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Lives Forever Changed in the Dominican Republic
Monday, January 7, 2019
By Hanna Anderson
Lives Forever Changed in the Dominican Republic

If you asked me one year ago what I would be doing over Christmas break in 2018, I never would have told you that I would be in the Dominican Republic spreading the word of God. That is because I was not in the same place spiritually a year ago that I am today. Sometimes, God works in ways that we have no way of predicting, but I am forever thankful that He made it possible for me to travel to the Dominican Republic with my incredible teammates and coaches.

Over the course of the week that we were in the DR, I saw God work in so many different ways. On the first day of being in Bobita, I was introduced to some of the kids at the children’s home, and I have to admit that I was nervous at first. I’ve never considered myself ‘good with kids,’ and of course there was the language barrier. A few of the girls spoke some English, but they obviously preferred their native language of Spanish. We were forced to use our limited knowledge of Spanish to communicate, and this led to a lot of confusion when trying to learn new games (a group of us ended up playing a lot of UNO because it was something that we all understood how to play no matter what language was being spoken.) We continued to spend a lot of time playing at the children’s home and spending time with the kids. I watched some of our guys get challenged by the Dominicans to numerous games of basketball, and it was amusing to witness how there is no language barrier to competitiveness. On one of the days, we all loaded onto an open-air bus and took the kids from the children’s home to a nearby river. Again, I found myself playing some games in which I had no clue as to what I was supposed to be doing. However, I wouldn’t trade the resulting smiles, laughter, and soaked clothing for anything.

Among the memories made on the trip, the highlight for me came on our next to last day. It will forever be a significant day in my life because it was the day that I decided to commit my life to Christ. I had never been baptized before. Growing up, my parents agreed that they would let me decide when I felt I was ready to be baptized. It was a decision that I had been thinking about since starting school at Lipscomb, but I felt that I truly knew what God’s work looked like and what it really means to be a Christian after just a few days on this trip. I saw this through the pure joy of the children I met, and I also witnessed this through the testimonies given by some of the students of Manna. But one of the students that influenced me the most was a twenty-year-old girl named Edily. Upon meeting her, she had a smile on her face, and that smile never seemed to disappear. She was always looking out for me and making me laugh, and she even offered to help me practice my Spanish. Edily also showed me what courage looks like when she told her testimony. I was reminded that you never know the pain that someone has experienced. Because of all of this, I decided to ask Edily to baptize me the day we were planning on going to the beach. She was shocked but honored. I woke up the morning after asking her and she had a list of questions for me to answer regarding my baptism. I answered them with ease, and I knew the timing of my decision was right. On January 3, 2019, I was baptized by Edily in the ocean while I was surrounded by my new American and Dominican brothers and sisters in Christ.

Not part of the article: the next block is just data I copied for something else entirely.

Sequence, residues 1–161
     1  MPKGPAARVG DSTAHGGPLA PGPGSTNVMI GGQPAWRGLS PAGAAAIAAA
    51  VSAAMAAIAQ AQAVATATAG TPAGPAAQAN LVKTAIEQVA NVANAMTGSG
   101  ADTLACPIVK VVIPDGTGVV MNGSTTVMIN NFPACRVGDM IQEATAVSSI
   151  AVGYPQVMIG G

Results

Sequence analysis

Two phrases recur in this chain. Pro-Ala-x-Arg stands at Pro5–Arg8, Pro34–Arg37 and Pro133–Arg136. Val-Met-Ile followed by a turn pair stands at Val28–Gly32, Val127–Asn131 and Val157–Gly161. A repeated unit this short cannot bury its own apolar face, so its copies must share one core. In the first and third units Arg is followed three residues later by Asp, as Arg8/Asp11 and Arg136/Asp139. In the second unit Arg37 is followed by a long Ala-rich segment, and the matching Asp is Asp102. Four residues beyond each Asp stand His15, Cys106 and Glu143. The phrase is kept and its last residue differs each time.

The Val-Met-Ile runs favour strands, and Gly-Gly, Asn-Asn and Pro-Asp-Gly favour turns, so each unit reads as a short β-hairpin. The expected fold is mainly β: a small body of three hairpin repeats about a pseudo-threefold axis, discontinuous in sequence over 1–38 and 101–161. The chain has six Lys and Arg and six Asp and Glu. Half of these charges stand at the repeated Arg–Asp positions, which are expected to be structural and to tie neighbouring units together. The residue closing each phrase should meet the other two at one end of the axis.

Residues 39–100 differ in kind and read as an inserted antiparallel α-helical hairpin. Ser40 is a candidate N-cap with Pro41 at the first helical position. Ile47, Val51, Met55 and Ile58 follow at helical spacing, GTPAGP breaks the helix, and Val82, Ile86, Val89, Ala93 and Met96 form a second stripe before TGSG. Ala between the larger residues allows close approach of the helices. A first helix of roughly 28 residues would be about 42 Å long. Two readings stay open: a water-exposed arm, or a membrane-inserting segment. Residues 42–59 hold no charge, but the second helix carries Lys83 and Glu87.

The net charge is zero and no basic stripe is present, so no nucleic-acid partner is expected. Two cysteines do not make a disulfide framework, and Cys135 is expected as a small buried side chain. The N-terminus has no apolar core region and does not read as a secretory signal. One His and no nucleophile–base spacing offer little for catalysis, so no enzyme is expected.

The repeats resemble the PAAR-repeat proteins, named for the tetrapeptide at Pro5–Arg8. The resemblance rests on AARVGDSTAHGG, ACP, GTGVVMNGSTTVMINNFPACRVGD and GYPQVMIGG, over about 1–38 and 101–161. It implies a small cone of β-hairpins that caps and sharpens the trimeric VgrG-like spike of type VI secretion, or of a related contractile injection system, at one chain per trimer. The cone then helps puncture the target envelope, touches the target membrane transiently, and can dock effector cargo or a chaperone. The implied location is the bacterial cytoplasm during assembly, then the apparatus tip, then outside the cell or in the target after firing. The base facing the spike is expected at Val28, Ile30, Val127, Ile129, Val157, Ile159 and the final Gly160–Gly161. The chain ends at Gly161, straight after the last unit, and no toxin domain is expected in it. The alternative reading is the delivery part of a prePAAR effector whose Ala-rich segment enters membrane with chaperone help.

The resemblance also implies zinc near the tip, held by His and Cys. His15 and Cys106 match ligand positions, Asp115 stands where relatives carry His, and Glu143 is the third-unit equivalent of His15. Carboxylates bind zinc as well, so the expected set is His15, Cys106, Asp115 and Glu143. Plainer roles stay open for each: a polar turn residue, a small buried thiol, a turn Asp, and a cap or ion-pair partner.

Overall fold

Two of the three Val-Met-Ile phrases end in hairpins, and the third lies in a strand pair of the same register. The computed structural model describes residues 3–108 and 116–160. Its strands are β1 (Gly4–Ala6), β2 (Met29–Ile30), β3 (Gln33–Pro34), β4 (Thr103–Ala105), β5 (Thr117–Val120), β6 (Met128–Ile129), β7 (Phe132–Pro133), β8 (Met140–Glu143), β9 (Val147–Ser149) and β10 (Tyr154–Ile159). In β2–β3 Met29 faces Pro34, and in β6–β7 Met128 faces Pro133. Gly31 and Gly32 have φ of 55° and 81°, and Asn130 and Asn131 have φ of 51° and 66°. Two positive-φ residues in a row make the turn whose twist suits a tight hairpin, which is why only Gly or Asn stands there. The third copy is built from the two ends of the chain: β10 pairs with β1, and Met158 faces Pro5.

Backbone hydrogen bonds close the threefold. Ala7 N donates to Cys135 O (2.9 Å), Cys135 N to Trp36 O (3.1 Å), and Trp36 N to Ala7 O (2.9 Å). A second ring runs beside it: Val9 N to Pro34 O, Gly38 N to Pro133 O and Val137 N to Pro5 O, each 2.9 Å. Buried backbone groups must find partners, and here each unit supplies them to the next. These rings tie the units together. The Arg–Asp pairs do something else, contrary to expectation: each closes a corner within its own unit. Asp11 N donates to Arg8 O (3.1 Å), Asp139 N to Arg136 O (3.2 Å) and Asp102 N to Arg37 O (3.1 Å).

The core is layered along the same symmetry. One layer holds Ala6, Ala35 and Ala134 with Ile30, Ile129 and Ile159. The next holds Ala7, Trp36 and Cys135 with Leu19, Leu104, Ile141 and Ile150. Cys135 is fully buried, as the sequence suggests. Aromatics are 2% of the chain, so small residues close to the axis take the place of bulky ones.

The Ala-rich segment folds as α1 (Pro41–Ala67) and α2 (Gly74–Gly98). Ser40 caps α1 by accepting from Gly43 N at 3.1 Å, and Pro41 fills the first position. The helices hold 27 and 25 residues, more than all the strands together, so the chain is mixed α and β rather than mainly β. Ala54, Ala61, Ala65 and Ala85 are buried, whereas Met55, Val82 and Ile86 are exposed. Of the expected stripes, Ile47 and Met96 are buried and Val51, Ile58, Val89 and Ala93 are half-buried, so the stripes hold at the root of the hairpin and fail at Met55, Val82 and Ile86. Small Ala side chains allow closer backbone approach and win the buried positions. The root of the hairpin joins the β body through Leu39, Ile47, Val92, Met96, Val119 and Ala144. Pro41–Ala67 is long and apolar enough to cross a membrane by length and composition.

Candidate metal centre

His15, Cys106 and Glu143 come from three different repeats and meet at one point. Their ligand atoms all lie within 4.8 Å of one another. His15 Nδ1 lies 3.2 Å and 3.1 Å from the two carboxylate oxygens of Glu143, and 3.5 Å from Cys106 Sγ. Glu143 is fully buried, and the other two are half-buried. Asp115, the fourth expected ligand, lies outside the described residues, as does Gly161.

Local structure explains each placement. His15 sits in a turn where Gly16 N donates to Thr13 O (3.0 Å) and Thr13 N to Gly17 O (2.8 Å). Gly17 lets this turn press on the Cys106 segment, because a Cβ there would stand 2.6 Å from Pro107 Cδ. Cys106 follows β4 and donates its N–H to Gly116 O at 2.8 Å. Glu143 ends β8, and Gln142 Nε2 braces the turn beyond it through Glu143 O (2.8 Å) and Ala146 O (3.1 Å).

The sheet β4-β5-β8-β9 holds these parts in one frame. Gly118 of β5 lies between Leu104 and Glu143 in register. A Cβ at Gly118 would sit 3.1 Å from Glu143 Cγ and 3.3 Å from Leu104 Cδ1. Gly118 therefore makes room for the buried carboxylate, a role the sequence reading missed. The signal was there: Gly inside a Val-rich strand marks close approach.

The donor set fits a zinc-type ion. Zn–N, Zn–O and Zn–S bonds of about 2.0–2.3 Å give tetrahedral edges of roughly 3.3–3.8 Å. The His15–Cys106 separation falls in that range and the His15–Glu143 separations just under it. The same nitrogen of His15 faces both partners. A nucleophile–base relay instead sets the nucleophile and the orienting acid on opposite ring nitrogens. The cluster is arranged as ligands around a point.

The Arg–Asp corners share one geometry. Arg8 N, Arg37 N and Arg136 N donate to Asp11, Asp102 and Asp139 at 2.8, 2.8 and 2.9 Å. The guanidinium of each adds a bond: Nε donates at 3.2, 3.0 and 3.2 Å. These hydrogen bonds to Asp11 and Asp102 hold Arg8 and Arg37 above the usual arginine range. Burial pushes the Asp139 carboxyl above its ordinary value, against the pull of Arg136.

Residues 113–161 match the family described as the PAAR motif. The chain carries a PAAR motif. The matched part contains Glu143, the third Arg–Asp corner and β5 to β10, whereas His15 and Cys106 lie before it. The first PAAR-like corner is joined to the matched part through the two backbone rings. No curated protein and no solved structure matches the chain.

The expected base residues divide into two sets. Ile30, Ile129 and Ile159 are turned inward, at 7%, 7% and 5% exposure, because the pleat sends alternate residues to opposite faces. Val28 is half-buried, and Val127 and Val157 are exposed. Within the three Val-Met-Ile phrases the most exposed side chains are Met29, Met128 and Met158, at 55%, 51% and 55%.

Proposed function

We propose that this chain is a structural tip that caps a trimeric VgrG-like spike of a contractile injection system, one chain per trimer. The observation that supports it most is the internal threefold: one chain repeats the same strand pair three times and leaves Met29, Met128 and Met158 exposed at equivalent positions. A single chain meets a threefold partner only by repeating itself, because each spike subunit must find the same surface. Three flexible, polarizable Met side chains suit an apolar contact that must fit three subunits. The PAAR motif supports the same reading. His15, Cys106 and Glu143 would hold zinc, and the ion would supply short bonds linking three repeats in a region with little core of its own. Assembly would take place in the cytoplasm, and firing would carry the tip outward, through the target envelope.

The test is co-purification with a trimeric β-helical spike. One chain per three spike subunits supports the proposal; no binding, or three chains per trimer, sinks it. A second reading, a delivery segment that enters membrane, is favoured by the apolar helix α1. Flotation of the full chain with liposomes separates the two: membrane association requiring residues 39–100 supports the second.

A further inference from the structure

Although being baptized was my favorite memory, there were so many other moments that I will never forget. We sang common American worships songs in Spanish during church service. We experienced Dominican life during community day when we split into groups to eat lunch in a Dominican home. We hosted a movie night for the kids of the neighborhood, and I became attached to a young girl who wouldn’t leave my side. We hosted VBS on Manna’s grounds for these same children. I watched my teammates go out of their comfort zones by putting on a skit of Daniel in the Lion’s Den just to make these kids laugh. We went on a scavenger hunt through Rio San Juan, swam in a lagoon, deep-cleaned the campus, and toured the classrooms where Manna’s students learn. All of these activities gave us the opportunity to grow in our faith and friendships with the Dominicans and each other. 

If you ask me today what I will be doing on my next Christmas break, I will say that I will be hopefully reconnecting with my brothers and sisters in Christ from the Dominican Republic. I saw happiness that I rarely see in the United States, and I will always wonder if an American child would be as relentless with fixing a broken Rubik’s cube as a young Dominican boy is. Two days post-trip and I am sad that I no longer get to see my new friends, but for this I know that God has worked through both me and my fellow teammates.